The Inexhaustible Barrel by Charles H. Spurgeon

The Inexhaustible Barrel
Charles H. Spurgeon
1 Kings 17:16

And the barrel of meal wasted not, neither did the curse of oil fail, according to the word of the Lord, which he spake by Elijah.

In the midst of wrath God remembers mercy. Divine love is rendered conspicuous when it shines in the midst of judgments. Fair is that lone star which smiles through the rifts of the thunder-clouds; bright is the oasis which blooms in the wilderness of sand; so fair and so bright is love in the midst of wrath. In the present instance, God had sent an all-consuming famine upon the lands of Israel and Sidon. The two peoples had provoked the Most High, the one by renouncing Him, and the other by sending forth their queen, Jezebel, to teach idolatry in the midst of Israel. God therefore determined to withhold both dew and rain from the polluted lands. But while He did this, He took care that His own chosen ones should be secure. If all the brooks are dry, yet shall there be one reserved for Elijah; and if that should fail, God shall still preserve for him a place of sustenance; nay, not only so, for God had not simply one Elijah, but He had a remnant according to the election of grace, who were hidden by fifties in a cave, and though the whole land was subject to famine, yet these fifties in the cave were fed, and fed from Ahab's table, too, by his faithful, God-fearing steward, Obadiah.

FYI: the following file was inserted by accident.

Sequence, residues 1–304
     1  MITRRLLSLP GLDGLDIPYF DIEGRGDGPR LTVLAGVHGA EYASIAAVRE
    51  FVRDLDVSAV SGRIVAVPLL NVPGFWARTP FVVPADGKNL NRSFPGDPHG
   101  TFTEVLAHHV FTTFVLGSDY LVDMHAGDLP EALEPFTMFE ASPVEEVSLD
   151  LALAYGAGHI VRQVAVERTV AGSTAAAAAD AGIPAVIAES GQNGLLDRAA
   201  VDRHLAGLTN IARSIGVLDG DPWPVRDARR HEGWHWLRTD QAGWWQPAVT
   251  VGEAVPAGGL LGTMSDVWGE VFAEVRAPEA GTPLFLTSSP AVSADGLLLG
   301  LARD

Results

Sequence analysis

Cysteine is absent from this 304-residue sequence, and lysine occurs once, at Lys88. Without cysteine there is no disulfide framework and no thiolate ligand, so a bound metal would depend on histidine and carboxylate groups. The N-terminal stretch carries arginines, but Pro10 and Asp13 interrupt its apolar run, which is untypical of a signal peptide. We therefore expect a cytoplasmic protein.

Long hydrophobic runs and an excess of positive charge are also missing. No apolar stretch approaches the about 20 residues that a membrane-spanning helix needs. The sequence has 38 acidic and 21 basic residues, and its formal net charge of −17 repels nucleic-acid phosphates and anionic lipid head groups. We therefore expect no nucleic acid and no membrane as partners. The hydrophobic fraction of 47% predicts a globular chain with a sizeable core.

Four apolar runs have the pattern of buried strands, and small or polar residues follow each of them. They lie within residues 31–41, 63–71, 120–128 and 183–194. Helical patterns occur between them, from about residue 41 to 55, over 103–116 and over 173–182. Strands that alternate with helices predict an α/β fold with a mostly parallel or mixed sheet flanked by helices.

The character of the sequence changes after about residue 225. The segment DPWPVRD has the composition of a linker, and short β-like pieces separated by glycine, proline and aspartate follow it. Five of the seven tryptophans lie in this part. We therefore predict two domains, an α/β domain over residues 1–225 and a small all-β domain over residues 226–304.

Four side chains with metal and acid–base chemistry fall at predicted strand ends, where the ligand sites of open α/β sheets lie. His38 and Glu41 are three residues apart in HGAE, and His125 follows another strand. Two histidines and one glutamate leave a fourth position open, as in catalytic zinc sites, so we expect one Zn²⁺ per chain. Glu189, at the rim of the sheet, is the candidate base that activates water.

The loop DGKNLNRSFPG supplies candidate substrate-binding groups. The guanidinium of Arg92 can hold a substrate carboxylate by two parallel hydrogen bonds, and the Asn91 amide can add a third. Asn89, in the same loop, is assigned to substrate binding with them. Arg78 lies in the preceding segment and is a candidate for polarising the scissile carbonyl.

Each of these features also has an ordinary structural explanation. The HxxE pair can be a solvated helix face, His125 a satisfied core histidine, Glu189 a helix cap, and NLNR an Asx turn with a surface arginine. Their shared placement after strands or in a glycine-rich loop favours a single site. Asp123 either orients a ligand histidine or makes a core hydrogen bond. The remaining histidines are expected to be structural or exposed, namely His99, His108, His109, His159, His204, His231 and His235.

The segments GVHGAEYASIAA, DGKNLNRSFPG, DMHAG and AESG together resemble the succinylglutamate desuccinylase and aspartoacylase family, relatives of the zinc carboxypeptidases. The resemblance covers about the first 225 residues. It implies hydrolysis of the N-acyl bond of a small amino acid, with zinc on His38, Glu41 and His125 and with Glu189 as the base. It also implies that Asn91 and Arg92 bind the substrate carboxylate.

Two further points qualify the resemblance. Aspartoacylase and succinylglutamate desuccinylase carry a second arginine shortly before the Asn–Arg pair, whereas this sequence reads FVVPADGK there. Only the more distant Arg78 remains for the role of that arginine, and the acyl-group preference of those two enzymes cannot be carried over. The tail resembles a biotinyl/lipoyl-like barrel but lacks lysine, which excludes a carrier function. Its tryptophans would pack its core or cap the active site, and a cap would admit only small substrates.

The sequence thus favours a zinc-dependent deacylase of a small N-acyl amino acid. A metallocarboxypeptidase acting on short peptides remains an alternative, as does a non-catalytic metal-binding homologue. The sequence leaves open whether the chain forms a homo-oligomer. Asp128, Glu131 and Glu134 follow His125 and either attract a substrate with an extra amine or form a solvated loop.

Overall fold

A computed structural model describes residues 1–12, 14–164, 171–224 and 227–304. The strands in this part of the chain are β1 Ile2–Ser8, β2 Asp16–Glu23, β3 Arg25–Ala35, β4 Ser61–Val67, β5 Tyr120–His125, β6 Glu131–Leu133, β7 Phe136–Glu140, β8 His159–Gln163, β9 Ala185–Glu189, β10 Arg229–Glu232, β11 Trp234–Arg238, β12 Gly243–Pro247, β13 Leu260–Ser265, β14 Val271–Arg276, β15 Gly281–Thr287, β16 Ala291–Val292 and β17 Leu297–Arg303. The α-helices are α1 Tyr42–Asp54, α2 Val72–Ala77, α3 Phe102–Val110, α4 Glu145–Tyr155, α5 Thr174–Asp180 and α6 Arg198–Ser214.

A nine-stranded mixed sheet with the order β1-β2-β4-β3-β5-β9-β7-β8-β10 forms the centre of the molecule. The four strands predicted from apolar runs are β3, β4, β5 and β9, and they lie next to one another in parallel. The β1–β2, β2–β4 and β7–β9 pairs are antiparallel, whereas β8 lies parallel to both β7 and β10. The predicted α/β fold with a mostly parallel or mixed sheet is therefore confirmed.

Let us from this draw this inference, that come what may God's people are safe. If the world is to be burned with fire, among the ashes there shall not be found the relics of a saint. If the world should again be drowned with water (as it shall not), yet should there be found another ark for God's Noah. Let convulsions shake the solid earth, let all its pillars tremble, let the skies themselves be rent in twain, yet amid the wreck of worlds the believer shall be as secure as in the calmest hour of rest. If God cannot save His people under heaven, He will save them in heaven. If the world ...

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